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Hazardous drinking on decline here

Hazardous drinking has declined in Ireland according to the OECD in a recent report on alcohol and public health.

In Tackling Harmful Alcohol Use: Economics and Public Health Policy, the OECD points out that although rates of ‘Heavy Episodic Drinking’ or binge-drinking (consisting of six or more drinks) were highest for both men and women in Ireland and England, there have been “noticeable drops” in these rates in its latest survey.

“Most countries show relatively stable trends of hazardous drinking between 1991 and 2011, although rates declined in Ireland and Germany, where they were high in the 1990s.”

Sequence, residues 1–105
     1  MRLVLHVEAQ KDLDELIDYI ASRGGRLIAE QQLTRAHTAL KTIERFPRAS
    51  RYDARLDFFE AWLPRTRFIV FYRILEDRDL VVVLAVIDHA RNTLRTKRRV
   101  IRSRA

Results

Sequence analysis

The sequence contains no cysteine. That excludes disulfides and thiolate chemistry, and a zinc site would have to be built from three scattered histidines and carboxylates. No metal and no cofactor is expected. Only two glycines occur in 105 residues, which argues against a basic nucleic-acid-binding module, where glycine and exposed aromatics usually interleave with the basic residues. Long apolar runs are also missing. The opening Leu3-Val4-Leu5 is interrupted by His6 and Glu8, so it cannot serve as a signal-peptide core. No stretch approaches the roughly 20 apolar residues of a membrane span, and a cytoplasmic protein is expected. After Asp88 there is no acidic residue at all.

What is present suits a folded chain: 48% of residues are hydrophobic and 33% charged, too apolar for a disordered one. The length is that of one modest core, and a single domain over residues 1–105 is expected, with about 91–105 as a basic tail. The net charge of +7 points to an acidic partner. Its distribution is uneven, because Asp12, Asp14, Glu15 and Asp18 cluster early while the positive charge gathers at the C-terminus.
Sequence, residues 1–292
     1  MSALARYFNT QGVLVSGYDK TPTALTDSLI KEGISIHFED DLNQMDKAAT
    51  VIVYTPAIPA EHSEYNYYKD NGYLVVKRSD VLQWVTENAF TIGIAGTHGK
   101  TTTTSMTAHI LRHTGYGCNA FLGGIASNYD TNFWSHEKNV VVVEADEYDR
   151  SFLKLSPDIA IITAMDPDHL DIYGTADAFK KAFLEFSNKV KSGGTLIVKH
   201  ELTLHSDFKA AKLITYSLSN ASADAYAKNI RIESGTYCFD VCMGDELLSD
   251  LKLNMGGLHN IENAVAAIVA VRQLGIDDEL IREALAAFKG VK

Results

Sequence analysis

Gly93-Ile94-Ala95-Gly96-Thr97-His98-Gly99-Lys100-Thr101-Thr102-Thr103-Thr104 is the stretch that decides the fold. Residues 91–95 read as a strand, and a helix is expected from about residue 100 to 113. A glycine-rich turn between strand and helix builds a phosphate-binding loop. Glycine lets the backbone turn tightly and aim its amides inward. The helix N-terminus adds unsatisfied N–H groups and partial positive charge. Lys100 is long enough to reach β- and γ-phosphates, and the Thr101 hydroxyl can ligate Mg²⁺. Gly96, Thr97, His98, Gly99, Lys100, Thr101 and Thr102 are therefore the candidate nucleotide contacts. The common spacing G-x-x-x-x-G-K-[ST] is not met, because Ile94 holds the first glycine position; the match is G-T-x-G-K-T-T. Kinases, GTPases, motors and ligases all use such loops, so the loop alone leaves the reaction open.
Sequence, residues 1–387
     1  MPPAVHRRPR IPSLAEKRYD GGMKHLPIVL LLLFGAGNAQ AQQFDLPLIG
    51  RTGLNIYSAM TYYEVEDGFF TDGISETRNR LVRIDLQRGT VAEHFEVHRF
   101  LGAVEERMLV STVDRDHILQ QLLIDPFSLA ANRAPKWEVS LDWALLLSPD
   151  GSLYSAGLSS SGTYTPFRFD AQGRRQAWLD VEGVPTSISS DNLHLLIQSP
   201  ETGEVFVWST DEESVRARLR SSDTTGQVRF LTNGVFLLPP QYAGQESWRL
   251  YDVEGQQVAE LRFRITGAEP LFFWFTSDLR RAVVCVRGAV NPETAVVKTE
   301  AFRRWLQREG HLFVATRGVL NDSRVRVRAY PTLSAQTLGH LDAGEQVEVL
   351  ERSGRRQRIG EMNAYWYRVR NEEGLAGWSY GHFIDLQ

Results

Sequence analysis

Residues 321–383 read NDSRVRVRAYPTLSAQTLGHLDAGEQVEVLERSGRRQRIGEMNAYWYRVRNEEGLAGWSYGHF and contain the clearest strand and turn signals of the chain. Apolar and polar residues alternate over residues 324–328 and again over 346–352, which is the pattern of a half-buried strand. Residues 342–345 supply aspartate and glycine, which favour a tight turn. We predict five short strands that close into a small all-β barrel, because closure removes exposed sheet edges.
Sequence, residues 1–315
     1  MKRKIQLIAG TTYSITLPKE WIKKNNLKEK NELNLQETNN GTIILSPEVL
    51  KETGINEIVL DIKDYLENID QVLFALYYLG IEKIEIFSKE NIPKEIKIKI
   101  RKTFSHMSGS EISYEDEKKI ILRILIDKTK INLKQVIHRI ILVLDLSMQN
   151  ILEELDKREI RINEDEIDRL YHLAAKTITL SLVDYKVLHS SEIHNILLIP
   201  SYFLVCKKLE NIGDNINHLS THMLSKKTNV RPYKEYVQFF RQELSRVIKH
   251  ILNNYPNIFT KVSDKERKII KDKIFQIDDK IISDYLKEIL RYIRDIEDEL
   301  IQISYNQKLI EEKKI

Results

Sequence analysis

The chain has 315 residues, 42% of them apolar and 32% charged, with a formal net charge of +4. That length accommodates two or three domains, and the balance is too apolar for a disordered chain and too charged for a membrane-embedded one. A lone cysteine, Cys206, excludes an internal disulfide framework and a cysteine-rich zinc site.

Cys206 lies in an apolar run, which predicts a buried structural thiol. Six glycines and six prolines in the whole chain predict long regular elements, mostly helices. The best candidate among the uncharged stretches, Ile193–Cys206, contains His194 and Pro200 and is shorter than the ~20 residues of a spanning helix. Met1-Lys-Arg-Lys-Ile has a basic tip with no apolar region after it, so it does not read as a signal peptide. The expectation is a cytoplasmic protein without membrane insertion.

However it also reports, “In Ireland and Germany, hazardous drinking rates have remained stable in young men and women while they declined in other age groups”.

Nevertheless, among the eight countries examined in its HED analysis, HED has declined in young people only in England and Ireland.

In taking the data over 20 years from 1992 to 2012, the report finds that over the last five years from 2009 to 2014 large and steady decreases were seen in countries where consumption was originally relatively high such as France, Germany, Italy and Spain.

However it adds, “In originally lower-consumption countries, data show a continuous increase, followed in some cases by a downturn in recent years (eg Finland, Ireland and the United Kingdom)”.

With a per capital consumption rate of 11 litres, the OECD report places Ireland in fourth position, well above the 34-country OECD average of 9.1 litres and only below Estonia, Austria and France.

 

 

 

 

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